The 'secret' clause in hospital contracts that insurers blame for high prices

Contracts between insurers and health systems often contain "secret" clauses that insurers say can block patients' access to lower-cost, high-quality health care providers, Anna Wilde Mathews reports for the Wall Street Journal.

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The Journal conducted dozens of interviews with industry experts, including current and former health insurance executives, hospital officials, employer executives, and researchers, to learn more about the little-known clauses.

About restrictions in hospital-insurer contracts

According to Wilde Mathews, contracts between hospitals and insurers often include language that aims to better position hospitals against rivals. Such language could include a requirement for the insurer to include a hospital—or an entire system—in all of its plans or to discourage the use of lower-cost rivals.

For example, a so-called "anti-steering" clause in a hospital-insurer contract can prevent an insurer from directing patients toward higher-quality or lower-cost providers, Wilde Mathews reports.

In addition, some contracts contain clauses that allow hospitals to add extra fees, limit audits of claims, and prohibit insurers from including price information on online shopping tools for consumers.

Chet Burrell, former chief executive of CareFirst BlueCross BlueShield, which provides health coverage in Maryland and Washington D.C., said some contracts include provisions that insurers "must always include" the hospital system even "[i]f their costs are 50% higher for the same service" as a less-expensive provider. Burrell said, "That cost is directly built into premiums. … [I]n the end, the buyer of the service pays that."

Do restrictive contract terms raise prices for patients?

The Journal identified dozens of contracts that included restrictive terms limiting insurers' ability to design low-cost health plans for major employers, such as Walmart and Home Depot.

For instance, Cigna and Northwell Health, a New York-based hospital system, had talked about developing a health plan that would offer enrollees lower-cost health coverage by excluding certain health providers, according to people familiar with the matter. However, Cigna ultimately could not design the health plans because it had contracts with other providers that barred the insurer from excluding them from plans.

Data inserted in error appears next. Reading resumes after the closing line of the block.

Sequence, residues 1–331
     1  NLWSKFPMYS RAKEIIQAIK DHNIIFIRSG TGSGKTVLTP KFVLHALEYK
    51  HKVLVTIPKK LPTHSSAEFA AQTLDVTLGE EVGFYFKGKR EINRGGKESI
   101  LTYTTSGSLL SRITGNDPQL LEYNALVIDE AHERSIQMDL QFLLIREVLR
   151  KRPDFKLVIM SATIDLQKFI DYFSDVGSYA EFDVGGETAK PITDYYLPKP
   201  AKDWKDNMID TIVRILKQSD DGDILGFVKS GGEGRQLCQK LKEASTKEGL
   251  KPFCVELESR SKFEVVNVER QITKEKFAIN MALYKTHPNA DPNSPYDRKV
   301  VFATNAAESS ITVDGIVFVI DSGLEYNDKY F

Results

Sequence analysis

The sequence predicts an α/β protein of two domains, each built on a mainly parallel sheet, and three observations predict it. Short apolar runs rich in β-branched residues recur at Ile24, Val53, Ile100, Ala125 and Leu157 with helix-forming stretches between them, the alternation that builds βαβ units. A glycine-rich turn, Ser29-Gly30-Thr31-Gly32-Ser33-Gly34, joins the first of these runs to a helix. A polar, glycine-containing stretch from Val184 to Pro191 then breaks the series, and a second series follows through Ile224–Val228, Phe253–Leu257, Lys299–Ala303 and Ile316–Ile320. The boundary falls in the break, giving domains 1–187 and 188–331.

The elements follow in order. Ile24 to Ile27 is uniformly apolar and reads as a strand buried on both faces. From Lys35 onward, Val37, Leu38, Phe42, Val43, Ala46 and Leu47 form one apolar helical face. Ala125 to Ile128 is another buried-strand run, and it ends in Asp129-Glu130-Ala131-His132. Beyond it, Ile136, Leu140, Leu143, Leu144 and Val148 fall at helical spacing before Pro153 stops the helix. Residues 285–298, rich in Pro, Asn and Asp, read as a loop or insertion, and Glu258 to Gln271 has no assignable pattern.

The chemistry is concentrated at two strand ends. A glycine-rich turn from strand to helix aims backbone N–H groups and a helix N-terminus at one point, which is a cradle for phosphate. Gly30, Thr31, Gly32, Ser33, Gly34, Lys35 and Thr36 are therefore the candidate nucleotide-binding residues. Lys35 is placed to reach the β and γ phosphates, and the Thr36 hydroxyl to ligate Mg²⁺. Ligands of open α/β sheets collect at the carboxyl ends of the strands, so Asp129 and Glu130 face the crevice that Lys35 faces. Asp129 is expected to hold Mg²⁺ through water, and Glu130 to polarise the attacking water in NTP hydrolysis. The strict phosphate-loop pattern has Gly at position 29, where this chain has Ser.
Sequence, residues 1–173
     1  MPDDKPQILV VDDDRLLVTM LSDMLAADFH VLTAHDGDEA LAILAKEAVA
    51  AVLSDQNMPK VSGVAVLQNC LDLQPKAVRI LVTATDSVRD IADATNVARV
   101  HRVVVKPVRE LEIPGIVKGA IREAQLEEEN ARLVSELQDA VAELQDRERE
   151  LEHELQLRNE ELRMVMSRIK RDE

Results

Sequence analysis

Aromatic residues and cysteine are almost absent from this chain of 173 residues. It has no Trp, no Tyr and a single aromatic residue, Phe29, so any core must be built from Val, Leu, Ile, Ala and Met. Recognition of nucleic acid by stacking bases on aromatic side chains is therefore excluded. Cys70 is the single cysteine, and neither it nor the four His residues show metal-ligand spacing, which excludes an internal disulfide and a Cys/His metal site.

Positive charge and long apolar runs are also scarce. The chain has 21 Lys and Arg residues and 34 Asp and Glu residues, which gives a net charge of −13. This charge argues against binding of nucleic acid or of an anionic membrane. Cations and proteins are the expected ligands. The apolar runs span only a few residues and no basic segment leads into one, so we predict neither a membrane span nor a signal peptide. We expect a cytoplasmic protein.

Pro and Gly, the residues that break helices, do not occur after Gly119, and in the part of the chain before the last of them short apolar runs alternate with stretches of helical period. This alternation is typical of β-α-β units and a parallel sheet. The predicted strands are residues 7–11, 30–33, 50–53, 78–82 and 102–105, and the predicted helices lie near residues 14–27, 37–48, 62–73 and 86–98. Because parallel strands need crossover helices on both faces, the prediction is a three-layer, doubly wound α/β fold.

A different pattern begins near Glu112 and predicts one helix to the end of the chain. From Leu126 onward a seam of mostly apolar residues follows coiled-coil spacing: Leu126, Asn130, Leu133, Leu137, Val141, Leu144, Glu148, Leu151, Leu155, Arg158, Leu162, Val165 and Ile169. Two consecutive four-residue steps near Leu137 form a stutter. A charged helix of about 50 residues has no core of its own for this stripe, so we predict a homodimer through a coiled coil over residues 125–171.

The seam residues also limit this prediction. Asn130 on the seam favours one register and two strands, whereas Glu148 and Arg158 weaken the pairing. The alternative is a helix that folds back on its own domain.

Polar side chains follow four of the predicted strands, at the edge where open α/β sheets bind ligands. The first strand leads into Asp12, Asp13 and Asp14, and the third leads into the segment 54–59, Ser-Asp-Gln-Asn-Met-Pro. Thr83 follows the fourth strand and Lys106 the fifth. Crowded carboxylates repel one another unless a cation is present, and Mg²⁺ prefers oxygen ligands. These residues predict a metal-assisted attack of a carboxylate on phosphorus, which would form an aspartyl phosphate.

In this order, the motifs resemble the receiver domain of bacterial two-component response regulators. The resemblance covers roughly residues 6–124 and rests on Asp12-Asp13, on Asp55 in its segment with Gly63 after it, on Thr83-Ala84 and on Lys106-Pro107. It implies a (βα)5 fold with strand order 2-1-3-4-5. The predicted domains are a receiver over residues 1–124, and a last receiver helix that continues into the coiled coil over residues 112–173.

Patrick Conway, the chief executive of Blue Cross and Blue Shield of North Carolina, said insurers under certain restrictive contracts "literally have to have [hospital systems] in network." Conway said that means "[i]f you're the single hospital system in an area, you essentially can set your price, because you're a monopoly." He added that hospital systems can exert similar market power in regions where there are several health systems. If the system is "the dominant player in part of the geography," it "can charge higher rates."

According to Wilde Mathews, insurance officials said health plans that must include high-cost hospital systems can cost consumers and employers 10% more than health plans that exclude costlier providers. Further, insurance industry officials said a health plan that includes all providers but encourages patient to use lower-cost services can save 3% to 7% more.

Hospital systems push back

Hospital and health system officials, however, argued that the controversial contract clauses are intended to preserve patient choice, Wilde Mathews reports. Hospital officials said patients should be able to decide who their providers are without facing pressure related to finances from their employers or insurers.

Matt Gove, chief consumer officer at Piedmont Healthcare, a hospital system in Atlanta, said, "Allowing the patient to make the best decisions for them and their family and their health is the central goal."

Carrie Nelson, a VP at Aurora Health Care, said the hospital approaches "all of [its] contracts through the same lens that guides all of [its] clinical and operational decisions: what will ensure the highest quality of care at the lowest cost for our patients" (Wilde Mathews, Wall Street Journal, 9/18).

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